This is a topic we discuss with our clients regularly. With an aging population comes increased options for retirement living, assisted living and nursing care options. Along with increased options come increased costs as well which can be exorbitant in some cases. For example, the average cost of a private nursing home room in North Carolina can be as much as $95,000 a year. For many families this is completely unaffordable which is why much care is provided by family members, and we have the social safety net of Medicaid for those without the resources to provide for their own care.
Since the cost of care can be so high and the statistics show that many of us will need assistance with daily living at some point, this is a contingency we want to account for in our financial planning. When purchasing LTC insurance you are insuring against the risk of financial devastation if your or your spouse required long term care, but there is a trade off between that peace of mind and growth of your net worth. Purchasing insurance is just one way to manage this risk. As with any risk, there are 3 main ways to manage:
1) Retain (Self Insure)
2) Reduce (health, fitness, nutrition)
3) Transfer (buy insurance)
You can choose one main strategy or a combination of all 3. Obviously purchasing an LTC policy is transferring the risk to an insurance company. However, before considering long term care insurance we recommending starting with this question: What is my long term care plan? This leads to a few more questions such as:
- Would I prefer to stay in my current home as long as possible or move to a retirement community (CCRC) before I need care?
- Is aging in place in my current home possible?
- Do I have children or family members who are willing and able to provide care?
- How healthy is my spouse and what is our plan as a couple in the event of a long term illness?
- What are the costs of these choices?
- What is my family health history?
While many individuals would prefer to stay in their own home as long as possible, this can pose safety risks later in life and lead to social isolation. Recent studies even show that the best indicator of longevity is social integration.
Source: Susan Pinker TED Talk: The Secret to Living Longer May be Your Social Life
While family members can provide care, the role of a caregiver can be physically and emotionally draining so many would rather not put their children in this position. Running through these scenarios can provide you with a framework for making decisions related to long term care. We also recommend our clients visit communities in their area to get a sense of where they might feel comfortable. Locally there is a great class at Duke that explores the implications of aging in place vs. moving to a CCRC and the relevant costs and considerations of each option.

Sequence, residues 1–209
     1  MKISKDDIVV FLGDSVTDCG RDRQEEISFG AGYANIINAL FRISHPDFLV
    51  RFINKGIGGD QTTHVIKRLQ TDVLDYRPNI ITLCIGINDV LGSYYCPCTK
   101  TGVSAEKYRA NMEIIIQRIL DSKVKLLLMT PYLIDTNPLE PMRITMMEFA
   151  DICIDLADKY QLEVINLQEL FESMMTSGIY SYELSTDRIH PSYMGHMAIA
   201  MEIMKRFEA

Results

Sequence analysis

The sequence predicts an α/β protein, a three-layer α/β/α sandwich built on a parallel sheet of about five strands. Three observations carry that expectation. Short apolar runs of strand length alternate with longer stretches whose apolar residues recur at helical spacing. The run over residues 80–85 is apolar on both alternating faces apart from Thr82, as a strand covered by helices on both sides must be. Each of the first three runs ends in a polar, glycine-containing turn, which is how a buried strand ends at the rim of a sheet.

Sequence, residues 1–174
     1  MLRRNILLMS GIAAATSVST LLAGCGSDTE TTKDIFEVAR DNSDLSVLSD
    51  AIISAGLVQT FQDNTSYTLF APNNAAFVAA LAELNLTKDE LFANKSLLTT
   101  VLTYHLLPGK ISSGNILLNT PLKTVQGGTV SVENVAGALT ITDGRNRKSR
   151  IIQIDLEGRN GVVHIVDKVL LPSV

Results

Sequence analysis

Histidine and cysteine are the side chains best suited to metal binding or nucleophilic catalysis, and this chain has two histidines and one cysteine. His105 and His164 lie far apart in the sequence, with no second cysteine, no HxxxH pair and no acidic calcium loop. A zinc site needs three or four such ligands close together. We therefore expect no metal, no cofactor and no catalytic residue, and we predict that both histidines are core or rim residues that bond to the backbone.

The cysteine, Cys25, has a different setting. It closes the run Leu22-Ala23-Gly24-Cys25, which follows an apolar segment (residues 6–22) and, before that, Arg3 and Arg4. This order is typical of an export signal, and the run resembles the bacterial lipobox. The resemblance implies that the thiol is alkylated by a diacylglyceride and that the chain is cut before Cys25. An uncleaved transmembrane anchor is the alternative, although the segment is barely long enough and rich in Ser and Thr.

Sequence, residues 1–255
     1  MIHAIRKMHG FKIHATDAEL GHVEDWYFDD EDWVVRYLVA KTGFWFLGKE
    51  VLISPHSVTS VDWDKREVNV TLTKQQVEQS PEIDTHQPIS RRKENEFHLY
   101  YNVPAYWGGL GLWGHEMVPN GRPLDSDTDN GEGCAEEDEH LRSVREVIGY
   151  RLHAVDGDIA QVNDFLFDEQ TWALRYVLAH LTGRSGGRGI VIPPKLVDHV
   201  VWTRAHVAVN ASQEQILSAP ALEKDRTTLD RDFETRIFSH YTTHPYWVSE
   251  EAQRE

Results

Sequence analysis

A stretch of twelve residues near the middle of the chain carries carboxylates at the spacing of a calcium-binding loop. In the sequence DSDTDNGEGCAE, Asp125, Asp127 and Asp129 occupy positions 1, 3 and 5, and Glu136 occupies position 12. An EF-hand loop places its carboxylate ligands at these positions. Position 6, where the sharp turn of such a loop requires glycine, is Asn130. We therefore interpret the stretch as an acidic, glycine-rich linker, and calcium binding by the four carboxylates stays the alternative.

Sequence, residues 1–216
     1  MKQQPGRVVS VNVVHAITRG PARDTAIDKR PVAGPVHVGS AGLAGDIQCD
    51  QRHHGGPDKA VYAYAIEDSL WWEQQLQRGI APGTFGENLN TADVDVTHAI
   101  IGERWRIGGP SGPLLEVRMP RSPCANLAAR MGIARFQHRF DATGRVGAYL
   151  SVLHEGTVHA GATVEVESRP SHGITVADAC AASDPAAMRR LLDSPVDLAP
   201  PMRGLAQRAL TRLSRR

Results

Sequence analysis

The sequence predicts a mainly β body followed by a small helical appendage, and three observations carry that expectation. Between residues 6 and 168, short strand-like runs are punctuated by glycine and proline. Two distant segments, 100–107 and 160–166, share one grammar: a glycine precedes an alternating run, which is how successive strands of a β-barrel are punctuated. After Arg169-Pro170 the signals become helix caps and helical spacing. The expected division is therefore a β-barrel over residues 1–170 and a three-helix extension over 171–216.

With the exponential increases in LTC insurance premiums, some people might be better off saving the funds and building net worth rather than paying for the insurance coverage. Saving the funds instead of using them for insurance allows you to continue building net worth, which allows for flexibility in the event an LTC need presents itself and higher net worth/higher spending power in the event it doesn’t. A reverse mortgage or home sale can also be an option to fund long term care expenses.
Once you have analyzed your personal health and financial situation, if you decide long term care insurance is appropriate it is important to review policy details closely as there are so many options available. It can be helpful to work with a broker who can write policies from a multitude of insurance providers vs. an agent selling only their company’s products. For example, premium costs tend to be higher for women as we have longer life expectancies. A broker may be able to find a policy offering unisex rates to reduce your overall premium cost. There is also a Shopper’s Guide available through the National Association of Insurance Commissioners that is very helpful for understanding the features and logistics of long term care insurance.
As with most questions in financial planning the answer is really that it depends on your personal situation. An analysis of your personal financial and physical fitness can help you determine the best long term care plan to meet your needs.